Rapid climate change in the ocean west of the Antarctic Peninsula during the second half of the 20th century
Article first published online: 7 OCT 2005
Copyright 2005 by the American Geophysical Union.
Geophysical Research Letters
Volume 32, Issue 19, October 2005
How to Cite
2005), Rapid climate change in the ocean west of the Antarctic Peninsula during the second half of the 20th century, Geophys. Res. Lett., 32, L19604, doi:10.1029/2005GL024042., and (
- Issue published online: 7 OCT 2005
- Article first published online: 7 OCT 2005
- Manuscript Accepted: 6 SEP 2005
- Manuscript Revised: 30 AUG 2005
- Manuscript Received: 11 JUL 2005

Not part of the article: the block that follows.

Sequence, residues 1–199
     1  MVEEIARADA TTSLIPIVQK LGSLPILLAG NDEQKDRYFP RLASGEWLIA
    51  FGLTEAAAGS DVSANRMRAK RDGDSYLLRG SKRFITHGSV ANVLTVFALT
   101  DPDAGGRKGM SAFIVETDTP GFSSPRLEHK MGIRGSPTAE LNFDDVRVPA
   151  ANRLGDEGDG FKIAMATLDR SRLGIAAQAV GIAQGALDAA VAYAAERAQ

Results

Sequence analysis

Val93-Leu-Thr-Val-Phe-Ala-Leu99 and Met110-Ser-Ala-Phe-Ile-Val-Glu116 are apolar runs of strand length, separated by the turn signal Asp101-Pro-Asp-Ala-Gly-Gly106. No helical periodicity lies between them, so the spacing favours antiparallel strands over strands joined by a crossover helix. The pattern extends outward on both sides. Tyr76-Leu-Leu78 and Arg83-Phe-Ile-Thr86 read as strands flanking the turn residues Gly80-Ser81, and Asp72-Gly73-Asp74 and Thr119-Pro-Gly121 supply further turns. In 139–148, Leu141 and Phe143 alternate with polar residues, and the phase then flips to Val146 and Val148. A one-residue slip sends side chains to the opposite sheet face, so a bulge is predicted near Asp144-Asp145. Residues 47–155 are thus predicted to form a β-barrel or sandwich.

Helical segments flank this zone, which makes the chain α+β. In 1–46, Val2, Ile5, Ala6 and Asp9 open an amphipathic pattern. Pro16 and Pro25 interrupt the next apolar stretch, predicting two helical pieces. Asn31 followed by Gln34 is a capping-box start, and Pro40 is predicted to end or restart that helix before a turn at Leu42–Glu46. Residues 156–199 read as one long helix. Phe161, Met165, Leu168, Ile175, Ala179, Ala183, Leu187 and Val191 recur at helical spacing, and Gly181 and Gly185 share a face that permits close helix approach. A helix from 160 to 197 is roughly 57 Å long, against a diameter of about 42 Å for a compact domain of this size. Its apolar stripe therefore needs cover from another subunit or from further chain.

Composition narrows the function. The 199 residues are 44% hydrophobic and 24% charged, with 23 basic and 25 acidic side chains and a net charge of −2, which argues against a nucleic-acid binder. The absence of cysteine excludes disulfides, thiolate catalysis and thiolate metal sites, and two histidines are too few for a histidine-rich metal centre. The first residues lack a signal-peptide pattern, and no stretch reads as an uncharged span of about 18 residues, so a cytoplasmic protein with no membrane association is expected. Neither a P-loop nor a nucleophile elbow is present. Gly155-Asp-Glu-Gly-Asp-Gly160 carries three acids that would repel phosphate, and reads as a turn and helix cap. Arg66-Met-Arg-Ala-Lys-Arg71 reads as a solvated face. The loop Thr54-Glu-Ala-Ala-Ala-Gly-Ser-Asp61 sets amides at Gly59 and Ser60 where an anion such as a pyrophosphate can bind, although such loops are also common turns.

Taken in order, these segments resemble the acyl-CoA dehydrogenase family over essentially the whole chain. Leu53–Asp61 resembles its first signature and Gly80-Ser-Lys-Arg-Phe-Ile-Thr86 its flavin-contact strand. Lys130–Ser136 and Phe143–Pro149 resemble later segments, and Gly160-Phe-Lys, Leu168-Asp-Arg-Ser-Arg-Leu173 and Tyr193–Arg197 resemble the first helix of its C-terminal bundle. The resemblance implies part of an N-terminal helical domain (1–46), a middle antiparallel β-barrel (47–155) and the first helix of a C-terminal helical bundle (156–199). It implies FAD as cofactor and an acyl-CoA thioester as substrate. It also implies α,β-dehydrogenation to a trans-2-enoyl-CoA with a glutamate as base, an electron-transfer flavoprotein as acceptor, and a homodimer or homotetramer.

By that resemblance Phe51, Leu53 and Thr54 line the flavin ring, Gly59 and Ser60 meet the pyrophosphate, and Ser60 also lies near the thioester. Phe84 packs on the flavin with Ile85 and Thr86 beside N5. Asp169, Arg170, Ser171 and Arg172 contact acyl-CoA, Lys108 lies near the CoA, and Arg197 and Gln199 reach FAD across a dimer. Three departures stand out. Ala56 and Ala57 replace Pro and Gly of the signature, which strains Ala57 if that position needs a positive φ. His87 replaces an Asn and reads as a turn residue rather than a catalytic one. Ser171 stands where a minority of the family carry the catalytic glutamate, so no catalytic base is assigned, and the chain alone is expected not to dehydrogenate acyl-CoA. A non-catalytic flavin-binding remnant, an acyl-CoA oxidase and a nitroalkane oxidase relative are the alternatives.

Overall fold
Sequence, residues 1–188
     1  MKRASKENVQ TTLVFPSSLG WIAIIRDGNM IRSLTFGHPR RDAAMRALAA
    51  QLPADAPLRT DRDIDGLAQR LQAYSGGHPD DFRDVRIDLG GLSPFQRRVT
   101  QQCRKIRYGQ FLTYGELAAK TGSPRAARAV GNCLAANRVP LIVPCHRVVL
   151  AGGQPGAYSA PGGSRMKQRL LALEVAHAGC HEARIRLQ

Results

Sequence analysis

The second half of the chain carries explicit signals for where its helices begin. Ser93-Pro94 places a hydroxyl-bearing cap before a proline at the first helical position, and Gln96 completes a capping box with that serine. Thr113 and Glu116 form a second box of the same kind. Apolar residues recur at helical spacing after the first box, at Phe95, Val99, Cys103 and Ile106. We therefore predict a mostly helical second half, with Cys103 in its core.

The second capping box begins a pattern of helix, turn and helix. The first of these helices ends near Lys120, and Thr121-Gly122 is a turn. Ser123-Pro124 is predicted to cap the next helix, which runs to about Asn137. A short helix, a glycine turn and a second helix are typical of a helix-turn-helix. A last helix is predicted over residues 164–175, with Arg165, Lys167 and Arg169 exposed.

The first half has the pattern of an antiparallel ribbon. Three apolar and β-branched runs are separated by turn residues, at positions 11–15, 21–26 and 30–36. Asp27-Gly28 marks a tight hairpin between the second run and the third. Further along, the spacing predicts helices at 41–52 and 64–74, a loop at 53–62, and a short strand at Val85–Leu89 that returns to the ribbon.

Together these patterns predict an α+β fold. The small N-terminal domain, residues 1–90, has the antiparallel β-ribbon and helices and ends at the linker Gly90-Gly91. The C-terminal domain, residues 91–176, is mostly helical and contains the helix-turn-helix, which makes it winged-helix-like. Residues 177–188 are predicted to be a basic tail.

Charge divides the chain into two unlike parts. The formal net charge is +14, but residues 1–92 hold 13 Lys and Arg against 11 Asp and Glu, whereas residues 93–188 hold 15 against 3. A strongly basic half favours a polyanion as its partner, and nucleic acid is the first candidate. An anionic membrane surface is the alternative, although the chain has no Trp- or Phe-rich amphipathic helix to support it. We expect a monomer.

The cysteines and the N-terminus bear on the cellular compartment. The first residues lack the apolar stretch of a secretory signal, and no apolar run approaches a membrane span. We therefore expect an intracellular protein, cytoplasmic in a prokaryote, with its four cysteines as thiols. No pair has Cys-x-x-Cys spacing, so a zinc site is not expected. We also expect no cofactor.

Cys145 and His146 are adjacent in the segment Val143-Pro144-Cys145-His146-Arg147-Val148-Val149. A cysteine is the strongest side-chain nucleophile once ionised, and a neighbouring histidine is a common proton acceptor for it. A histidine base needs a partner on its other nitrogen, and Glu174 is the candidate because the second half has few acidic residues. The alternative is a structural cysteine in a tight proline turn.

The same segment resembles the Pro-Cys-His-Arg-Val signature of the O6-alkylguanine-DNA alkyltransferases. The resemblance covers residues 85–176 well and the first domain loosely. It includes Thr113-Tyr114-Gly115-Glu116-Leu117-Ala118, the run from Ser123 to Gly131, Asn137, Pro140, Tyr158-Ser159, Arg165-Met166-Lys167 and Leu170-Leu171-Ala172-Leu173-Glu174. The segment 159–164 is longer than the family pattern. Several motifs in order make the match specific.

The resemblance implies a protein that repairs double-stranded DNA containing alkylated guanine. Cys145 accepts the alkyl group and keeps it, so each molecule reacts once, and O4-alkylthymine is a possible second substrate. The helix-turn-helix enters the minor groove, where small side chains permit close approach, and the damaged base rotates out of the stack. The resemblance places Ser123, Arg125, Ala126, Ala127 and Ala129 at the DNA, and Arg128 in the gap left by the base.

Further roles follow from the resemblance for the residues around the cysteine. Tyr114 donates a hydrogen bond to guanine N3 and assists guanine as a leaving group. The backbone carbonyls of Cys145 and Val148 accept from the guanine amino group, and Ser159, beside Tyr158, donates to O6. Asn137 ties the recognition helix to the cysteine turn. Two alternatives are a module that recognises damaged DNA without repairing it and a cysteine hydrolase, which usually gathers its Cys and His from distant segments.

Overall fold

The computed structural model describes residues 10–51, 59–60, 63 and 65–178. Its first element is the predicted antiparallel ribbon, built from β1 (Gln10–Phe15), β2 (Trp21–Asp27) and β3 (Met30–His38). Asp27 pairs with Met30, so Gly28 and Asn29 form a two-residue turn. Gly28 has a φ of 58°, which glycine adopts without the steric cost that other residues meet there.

The climate of the Western Antarctic Peninsula (WAP) is the most rapidly changing in the Southern Hemisphere, with a rise in atmospheric temperature of nearly 3°C since 1951 and associated cryospheric impacts. We demonstrate here, for the first time, that the adjacent ocean showed profound coincident changes, with surface summer temperatures rising more than 1°C and a strong upper-layer salinification. Initially driven by atmospheric warming and reduced rates of sea ice production, these changes constitute positive feedbacks that will contribute significantly to the continued climate change. Marine species in this region have extreme sensitivities to their environment, with population and species removal predicted in response to very small increases in ocean temperature. The WAP region is an important breeding and nursery ground for Antarctic krill, a key species in the Southern Ocean foodweb with a known dependence on the physical environment. The changes observed thus have significant ecological implications.